The spread of COVID-19 has changed the daily lives and habits of millions of people worldwide, and businesses across most industries are scrambling to adapt.
Brick and mortar retailers, restaurants, and hotels—just to name a few impacted sectors—are hurting from a stretch of time without customers. Some could end up closing their doors for good. Other companies have seen a higher demand for their products and services. Productivity-related SaaS companies like Slack, Zoom, and Trello are seeing sales boosts because their business is crucial for work-from-home environments. Similarly, some direct-to-consumer brands are seeing increased demand from their ecomm storefronts.
In either case, these are challenging times—to say the least. There are various opportunities to improve (or damage) your relationship with potential customers through how you talk about COVID-19. How you address the current moment can “make or break” you.
As a marketer, there’s never been a better time to stretch your empathy muscle: you’re going to need it. With that in mind, let’s explore how to get it right (and some of the places it can go wrong).
Match Your Message to Your Audience’s Concerns
We, the marketing community, constantly harp on the importance of being empathetic. But what does that actually mean?
Generally speaking, being empathetic means that you are showing your ability to share and experience the feelings of others. (That’s the dictionary definition, anyway.) In marketing, this often comes down to creating (or reworking) your copy, campaigns, and offers to demonstrate a deep understanding of your target audience’s immediate concerns.
For instance, if you’re a SaaS company and your target audience works in the restaurant industry, be aware that most restaurants are losing customers and may not be able to afford your software. (At the very least, they may be reconsidering what tools are essential to their business.)
For this reason, the message you deliver should focus on helping your audience manage their time and money effectively. Remember, they need your guidance (and expertise) right now, not necessarily ways they can spend more money.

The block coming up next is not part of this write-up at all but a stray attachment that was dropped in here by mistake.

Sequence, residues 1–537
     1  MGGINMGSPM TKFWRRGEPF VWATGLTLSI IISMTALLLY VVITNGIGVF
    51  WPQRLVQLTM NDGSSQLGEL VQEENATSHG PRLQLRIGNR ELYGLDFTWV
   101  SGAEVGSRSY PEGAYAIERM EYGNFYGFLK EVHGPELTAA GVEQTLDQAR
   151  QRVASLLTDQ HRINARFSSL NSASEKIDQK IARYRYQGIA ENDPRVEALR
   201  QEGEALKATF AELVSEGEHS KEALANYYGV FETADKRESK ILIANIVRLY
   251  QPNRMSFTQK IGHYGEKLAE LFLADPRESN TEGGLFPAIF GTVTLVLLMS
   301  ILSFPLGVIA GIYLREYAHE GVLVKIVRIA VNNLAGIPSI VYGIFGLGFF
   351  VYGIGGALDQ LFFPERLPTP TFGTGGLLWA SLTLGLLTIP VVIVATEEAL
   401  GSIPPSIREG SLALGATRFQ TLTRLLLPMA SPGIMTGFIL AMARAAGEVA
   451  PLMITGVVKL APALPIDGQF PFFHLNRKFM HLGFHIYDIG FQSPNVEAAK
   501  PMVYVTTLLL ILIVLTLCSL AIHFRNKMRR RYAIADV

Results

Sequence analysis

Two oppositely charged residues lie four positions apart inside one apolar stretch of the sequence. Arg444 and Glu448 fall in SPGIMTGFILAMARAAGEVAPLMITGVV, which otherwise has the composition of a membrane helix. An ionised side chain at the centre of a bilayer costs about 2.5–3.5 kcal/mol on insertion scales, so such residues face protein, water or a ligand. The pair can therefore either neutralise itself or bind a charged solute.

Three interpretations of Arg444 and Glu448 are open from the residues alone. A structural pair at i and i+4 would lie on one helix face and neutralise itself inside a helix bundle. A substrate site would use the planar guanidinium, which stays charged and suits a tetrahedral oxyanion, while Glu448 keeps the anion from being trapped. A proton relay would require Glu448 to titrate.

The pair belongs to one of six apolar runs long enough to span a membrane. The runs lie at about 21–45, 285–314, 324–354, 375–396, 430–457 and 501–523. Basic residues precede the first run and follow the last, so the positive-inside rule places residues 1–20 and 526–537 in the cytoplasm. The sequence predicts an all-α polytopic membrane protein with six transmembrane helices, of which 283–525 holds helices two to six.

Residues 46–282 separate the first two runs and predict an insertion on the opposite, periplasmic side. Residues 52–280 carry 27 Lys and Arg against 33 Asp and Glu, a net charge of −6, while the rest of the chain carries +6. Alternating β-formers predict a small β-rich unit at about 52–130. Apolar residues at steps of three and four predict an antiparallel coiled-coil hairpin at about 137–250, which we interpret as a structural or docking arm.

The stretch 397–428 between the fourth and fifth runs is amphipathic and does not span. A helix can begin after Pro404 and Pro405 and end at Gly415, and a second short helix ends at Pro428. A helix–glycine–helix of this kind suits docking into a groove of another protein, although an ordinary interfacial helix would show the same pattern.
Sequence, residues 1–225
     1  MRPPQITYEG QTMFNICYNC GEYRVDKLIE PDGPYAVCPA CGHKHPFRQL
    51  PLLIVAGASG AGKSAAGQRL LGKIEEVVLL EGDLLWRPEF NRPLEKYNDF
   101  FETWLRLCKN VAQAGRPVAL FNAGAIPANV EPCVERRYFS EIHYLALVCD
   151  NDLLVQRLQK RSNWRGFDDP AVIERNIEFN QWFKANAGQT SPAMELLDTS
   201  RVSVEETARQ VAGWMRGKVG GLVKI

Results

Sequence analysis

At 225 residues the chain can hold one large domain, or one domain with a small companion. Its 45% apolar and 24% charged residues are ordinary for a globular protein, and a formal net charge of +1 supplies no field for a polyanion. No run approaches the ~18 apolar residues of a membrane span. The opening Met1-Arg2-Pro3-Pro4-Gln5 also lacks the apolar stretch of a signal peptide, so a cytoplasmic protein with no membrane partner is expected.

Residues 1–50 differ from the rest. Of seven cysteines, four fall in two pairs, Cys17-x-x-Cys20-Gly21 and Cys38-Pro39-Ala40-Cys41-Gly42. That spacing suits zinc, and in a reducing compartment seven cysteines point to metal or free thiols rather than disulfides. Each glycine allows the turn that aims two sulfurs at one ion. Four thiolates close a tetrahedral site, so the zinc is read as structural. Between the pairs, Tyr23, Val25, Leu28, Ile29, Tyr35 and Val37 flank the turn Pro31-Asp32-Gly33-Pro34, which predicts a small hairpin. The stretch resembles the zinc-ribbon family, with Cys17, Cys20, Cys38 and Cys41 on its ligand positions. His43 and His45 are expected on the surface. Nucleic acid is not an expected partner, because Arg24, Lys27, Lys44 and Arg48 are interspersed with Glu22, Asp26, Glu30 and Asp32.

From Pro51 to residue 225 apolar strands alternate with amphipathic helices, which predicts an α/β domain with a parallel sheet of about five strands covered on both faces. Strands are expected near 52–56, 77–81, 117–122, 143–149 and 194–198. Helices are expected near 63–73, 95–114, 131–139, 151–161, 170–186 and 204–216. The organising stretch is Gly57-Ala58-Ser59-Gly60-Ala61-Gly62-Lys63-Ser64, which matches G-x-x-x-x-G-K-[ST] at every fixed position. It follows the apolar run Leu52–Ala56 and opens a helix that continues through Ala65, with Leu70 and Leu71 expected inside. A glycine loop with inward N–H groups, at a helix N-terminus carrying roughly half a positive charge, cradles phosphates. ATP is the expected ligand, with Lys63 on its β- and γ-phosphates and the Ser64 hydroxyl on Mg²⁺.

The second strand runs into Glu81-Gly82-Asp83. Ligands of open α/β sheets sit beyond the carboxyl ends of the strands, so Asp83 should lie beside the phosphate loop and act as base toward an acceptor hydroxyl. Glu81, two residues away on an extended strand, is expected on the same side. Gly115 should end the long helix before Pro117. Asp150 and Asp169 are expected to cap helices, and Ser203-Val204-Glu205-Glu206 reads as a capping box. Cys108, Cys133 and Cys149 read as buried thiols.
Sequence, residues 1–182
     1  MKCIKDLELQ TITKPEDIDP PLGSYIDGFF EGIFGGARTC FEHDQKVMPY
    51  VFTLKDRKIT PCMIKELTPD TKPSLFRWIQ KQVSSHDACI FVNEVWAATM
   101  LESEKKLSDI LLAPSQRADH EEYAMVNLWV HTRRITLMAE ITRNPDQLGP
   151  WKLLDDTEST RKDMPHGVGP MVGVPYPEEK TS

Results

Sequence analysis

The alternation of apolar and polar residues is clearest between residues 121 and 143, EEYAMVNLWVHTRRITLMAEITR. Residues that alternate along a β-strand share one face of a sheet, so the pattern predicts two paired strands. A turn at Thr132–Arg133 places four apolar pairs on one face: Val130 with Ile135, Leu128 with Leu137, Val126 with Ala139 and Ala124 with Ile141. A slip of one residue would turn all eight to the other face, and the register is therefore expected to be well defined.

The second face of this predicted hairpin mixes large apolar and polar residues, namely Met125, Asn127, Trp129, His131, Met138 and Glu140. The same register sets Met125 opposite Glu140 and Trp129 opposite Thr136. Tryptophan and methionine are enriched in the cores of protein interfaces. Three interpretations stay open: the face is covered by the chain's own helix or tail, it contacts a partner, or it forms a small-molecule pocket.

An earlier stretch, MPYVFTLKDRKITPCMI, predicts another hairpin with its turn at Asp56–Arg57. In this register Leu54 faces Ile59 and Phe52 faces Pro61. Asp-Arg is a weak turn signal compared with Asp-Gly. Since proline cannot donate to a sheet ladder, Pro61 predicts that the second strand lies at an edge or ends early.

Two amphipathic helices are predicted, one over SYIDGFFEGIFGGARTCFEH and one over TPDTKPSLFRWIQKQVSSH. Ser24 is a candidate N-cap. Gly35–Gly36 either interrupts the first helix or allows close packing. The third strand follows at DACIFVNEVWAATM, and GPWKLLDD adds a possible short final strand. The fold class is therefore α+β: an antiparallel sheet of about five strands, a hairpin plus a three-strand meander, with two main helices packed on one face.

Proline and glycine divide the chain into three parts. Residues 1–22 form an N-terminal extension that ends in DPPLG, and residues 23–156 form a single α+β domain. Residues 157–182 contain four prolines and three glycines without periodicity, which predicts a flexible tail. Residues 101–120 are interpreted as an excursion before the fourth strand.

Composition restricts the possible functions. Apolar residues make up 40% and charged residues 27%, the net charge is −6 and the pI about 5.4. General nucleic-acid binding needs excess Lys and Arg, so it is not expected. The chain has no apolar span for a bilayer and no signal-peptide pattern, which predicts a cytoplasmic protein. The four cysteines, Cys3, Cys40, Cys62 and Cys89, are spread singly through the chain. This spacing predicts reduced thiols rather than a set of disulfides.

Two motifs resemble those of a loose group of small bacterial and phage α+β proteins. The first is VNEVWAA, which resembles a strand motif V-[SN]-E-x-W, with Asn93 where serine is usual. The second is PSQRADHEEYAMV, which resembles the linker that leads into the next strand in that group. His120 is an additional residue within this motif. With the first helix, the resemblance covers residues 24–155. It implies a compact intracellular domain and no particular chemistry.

Take a look at the example below. Restaurant365 smartly added a sticky bar at the bottom of their homepage to provide resources for managing restaurant operations during COVID-19, with no sales-style messaging at all:
Genuinely providing assistance (and avoiding the hard sell at all costs) shows you care about your visitors, while still generating future leads and building a potential pipeline for when times are better. Plenty of brands say they want to help, but this is a good way of putting your money where your mouth is.
Where Should Your Message Be Placed?
If your message is about additional resources or a pricing change you’ve created to support your target audience, you can create a sticky bar similar to Restaurant365. These are especially helpful if you want your message to be seen on multiple pages of your site since you can set them up to appear in more than one place. (Sticky bars can also be used to make mission-critical statements about your status, like reduced hours or shipping delays.)
You’ll also want to create the resource itself, whether that’s a blog post, web page, or landing page. For instance, here’s an example created by the marketing wizards at Procurify to discuss special pricing, using Unbounce: – Read more